Coffee (Coffea arabica cv. Rubi) seed germination: mechanisms and regulation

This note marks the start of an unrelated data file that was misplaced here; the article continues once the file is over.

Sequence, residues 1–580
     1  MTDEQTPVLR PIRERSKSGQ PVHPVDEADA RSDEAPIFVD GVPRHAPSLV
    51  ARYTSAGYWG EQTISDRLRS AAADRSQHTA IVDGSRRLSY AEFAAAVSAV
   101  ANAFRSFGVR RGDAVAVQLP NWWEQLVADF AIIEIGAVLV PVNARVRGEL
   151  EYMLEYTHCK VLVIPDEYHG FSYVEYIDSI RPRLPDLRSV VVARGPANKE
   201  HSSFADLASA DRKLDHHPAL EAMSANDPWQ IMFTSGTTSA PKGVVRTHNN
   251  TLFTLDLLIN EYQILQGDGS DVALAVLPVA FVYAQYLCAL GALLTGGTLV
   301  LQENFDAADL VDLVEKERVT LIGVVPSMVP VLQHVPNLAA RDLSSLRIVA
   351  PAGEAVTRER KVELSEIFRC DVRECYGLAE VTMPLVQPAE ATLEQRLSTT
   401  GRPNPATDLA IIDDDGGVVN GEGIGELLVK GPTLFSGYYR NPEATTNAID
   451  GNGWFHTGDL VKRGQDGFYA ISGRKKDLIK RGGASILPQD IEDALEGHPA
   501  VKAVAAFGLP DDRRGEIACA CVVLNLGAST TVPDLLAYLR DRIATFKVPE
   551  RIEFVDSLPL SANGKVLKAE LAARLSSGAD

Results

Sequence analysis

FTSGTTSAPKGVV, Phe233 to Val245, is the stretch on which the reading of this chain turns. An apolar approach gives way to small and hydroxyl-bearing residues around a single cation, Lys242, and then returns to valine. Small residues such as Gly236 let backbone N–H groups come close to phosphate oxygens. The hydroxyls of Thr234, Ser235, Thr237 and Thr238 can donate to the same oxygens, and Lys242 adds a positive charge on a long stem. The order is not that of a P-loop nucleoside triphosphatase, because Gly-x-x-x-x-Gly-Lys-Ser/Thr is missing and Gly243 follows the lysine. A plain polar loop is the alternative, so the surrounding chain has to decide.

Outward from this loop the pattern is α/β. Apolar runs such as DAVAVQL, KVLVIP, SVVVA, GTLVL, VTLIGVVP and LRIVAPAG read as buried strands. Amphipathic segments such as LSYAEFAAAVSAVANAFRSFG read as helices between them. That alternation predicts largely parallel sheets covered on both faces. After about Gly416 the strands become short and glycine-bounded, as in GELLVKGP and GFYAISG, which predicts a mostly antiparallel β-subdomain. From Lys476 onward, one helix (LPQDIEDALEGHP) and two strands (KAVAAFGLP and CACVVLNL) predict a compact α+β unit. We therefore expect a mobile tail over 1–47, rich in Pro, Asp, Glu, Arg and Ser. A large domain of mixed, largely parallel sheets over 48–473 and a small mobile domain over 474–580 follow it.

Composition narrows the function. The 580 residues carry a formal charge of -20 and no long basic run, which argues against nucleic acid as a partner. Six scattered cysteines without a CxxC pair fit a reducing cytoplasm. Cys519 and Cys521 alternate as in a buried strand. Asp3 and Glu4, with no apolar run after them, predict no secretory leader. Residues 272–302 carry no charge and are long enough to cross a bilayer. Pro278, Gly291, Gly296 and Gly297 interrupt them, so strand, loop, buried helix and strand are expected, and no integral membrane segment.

E.A.A. da Silva

Research output: Thesisinternal PhD, WU